Want to retrace Sal and Dean’s On the Road journey? The Placing Literature app lets you explore with your favorite characters by mapping scenes from novels. There are 1,500 destinations currently, but you can add your favorite novels or your own work.
Over at the Literary Hub, Morgan Jerkins writes about the struggle to describe blackness. As she puts it, “My hope is to create imperfect, multitudinous black women who are more in tune with themselves than their audiences.” Pair with our own Michael Bourne’s list of books that “shed light on the history and evolution of racism in America.”
The short shelf of books written by Jane Austen has been recently supplemented by many imaginative efforts–Jane Austen as an amateur detective, and several works depicting Austen characters (or Jane herself) as a vampire, a zombie or some other Gothic monster. So what’s next? Death Comes to Pemberley by P.D. James is Pride and Prejudice continued.
“I’m not a journalist, and I don’t pretend to be one, and most of the pieces in there were assigned to me by Harper’s, with these sort of maddening instructions of, you know, just go to a certain spot and kind of, you know, turn 350 degrees a few times and tell us what you see.” Tom Scocca posts a five-part transcript of a phone interview he did with David Foster Wallace in February 1998. (Thanks, Nick.)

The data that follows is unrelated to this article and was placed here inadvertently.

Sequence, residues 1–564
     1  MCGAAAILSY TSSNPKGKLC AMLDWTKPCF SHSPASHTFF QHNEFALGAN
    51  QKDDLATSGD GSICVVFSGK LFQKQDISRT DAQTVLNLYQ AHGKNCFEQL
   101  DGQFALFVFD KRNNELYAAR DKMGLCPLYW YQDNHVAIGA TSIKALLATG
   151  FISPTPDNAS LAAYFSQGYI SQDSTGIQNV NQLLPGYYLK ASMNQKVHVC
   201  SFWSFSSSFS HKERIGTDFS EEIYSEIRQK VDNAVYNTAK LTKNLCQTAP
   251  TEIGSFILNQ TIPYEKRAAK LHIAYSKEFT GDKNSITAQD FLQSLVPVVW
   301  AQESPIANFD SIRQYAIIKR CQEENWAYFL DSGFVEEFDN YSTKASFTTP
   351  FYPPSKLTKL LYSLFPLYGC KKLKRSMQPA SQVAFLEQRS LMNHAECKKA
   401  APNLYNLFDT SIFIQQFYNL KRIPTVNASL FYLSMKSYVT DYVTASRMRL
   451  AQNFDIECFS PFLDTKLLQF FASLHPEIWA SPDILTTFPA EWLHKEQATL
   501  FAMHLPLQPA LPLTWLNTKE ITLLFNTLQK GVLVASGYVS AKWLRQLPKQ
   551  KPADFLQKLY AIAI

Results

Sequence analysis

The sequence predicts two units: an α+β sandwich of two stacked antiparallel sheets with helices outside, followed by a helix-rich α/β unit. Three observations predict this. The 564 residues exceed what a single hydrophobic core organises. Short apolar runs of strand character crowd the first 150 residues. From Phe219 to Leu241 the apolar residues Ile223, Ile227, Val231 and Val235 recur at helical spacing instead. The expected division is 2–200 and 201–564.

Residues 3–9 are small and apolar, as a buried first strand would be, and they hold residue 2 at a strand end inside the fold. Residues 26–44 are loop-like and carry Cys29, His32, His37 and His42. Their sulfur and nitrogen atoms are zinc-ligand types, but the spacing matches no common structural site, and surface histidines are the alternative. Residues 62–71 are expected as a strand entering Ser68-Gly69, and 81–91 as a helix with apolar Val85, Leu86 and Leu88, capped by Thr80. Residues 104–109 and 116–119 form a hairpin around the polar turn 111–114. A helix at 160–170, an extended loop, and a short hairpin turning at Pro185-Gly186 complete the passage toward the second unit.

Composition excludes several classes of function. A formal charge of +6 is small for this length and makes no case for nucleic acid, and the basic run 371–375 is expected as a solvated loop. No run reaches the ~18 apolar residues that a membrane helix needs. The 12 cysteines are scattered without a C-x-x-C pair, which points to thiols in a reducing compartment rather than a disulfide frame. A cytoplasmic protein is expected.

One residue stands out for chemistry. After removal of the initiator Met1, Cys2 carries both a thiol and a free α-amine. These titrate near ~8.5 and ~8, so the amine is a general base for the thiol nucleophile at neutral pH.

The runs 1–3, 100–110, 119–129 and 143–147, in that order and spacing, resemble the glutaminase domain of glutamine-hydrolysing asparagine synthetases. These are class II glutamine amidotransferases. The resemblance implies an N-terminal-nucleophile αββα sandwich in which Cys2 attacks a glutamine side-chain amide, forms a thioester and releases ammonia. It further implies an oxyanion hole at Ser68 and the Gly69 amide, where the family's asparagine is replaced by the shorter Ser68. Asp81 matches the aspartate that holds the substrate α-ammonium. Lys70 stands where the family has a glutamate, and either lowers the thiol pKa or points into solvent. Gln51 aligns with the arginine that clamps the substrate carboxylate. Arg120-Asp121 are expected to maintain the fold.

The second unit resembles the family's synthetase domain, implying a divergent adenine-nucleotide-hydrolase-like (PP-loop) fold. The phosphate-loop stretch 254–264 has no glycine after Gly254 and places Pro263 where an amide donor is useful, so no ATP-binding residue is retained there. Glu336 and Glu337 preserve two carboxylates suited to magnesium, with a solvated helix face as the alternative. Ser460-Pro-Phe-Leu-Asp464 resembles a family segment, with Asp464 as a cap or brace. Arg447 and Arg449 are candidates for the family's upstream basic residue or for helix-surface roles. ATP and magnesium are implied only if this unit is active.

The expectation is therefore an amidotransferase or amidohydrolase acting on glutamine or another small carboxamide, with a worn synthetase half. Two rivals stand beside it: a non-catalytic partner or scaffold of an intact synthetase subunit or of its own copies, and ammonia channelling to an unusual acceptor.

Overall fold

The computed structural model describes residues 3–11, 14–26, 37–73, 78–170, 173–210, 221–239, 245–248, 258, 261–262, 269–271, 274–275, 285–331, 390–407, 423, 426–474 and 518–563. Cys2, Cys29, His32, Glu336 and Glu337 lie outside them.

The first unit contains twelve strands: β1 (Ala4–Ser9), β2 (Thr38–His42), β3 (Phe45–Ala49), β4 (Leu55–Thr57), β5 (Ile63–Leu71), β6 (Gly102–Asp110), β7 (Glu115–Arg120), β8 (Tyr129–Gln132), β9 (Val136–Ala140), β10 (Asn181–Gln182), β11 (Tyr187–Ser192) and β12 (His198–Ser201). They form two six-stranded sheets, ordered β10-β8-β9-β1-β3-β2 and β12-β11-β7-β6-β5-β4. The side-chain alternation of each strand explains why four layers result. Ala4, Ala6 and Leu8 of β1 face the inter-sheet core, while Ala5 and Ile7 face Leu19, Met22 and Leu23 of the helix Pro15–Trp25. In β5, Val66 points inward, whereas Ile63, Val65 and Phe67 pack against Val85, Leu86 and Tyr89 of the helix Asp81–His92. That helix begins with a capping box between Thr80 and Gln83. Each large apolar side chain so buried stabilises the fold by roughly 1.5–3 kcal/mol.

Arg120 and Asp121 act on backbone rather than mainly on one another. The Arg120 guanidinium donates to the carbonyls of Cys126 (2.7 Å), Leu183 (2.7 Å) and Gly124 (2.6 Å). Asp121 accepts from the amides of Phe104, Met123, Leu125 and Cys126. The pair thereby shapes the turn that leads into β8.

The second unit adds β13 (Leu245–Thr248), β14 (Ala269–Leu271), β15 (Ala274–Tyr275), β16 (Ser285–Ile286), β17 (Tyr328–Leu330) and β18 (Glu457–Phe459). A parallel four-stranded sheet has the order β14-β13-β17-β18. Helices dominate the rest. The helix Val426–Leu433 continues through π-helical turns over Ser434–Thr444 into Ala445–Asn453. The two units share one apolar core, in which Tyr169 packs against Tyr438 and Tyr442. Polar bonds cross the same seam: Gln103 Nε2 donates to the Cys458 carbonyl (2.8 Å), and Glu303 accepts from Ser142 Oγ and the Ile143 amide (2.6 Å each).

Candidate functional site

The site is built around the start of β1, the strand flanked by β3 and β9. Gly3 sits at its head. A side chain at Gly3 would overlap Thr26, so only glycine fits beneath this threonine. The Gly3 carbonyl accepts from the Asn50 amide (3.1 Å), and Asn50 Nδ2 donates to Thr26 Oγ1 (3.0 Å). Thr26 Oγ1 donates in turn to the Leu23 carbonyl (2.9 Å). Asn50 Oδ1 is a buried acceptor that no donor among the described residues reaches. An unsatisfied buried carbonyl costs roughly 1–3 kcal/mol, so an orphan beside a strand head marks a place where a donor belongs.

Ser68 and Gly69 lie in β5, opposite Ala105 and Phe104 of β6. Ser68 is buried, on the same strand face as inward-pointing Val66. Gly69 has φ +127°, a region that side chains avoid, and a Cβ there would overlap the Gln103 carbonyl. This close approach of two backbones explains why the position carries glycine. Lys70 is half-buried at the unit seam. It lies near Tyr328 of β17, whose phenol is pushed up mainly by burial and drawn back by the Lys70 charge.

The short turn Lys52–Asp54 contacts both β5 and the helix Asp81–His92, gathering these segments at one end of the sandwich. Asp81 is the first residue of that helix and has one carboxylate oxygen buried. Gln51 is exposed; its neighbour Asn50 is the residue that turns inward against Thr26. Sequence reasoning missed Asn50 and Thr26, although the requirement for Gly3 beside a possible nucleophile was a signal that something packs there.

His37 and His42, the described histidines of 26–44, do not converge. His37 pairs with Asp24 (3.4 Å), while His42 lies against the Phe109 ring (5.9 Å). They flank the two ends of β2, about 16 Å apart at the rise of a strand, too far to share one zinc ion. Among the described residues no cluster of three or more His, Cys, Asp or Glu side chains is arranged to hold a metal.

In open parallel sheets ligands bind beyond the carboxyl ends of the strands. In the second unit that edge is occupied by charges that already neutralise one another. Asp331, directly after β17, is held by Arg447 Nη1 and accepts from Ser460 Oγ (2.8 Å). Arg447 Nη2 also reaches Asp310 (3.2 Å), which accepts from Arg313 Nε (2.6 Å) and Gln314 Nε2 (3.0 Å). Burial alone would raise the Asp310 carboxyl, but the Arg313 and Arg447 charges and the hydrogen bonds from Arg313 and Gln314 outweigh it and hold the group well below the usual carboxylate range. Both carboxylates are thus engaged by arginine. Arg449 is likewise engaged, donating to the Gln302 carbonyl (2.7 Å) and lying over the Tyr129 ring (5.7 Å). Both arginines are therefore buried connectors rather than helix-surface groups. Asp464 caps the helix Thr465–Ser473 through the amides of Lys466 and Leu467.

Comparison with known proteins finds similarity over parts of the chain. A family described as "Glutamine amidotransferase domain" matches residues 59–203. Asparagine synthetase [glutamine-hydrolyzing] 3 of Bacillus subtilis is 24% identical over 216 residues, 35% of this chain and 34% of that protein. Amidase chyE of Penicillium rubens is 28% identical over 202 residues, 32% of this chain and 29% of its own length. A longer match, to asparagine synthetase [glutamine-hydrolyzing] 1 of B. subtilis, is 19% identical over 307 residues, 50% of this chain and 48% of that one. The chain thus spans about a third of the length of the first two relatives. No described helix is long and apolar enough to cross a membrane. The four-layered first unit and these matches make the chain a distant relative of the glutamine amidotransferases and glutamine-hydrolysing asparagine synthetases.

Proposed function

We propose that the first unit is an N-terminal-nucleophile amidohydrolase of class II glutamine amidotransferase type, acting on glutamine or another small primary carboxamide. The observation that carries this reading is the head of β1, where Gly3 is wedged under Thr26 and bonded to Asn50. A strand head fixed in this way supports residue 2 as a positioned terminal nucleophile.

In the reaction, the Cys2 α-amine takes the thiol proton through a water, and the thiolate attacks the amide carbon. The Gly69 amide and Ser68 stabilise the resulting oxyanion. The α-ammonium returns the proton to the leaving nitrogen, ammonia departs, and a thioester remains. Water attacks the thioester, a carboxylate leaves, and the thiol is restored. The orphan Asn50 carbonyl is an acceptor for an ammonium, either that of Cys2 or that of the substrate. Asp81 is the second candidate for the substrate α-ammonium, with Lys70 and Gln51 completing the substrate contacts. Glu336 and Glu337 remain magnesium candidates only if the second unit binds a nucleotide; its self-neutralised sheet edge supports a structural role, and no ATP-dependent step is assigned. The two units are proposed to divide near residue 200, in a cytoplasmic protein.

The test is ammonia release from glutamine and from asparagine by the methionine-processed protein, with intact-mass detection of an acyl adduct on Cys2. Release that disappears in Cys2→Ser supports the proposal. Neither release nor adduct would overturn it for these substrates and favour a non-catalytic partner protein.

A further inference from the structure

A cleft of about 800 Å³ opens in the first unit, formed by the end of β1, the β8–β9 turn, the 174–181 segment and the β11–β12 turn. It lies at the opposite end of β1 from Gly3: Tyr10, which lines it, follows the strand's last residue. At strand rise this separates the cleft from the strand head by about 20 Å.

Beyoncé’s visual album/phenomenon Lemonade has only been out for a few days and already it has spawned countless thinkpieces. One of the best and most inspiring things to come out of it has been the #LemonadeSyllabus hashtag, popularized by Rutgers University educator Candace Benbow. The series “encourages Black women to share curated reading lists of books, poems and other inspirational literature penned by Black female authors that celebrate every aspect of what it means to be a Black woman.”
William Blake may have described its “green and pleasant land” but this week England had traded green for white, as you can see in this NASA photograph (c/o Gizmodo).
Steven Soderbergh is interested in bringing The Sot-Weed Factor – John Barth’s “750-plus-page satire of picaresque novels” – to the big, silver or computer screen. You should start getting excited about this if you’re from Maryland, interested in literature, or tickled by the word “beshit.”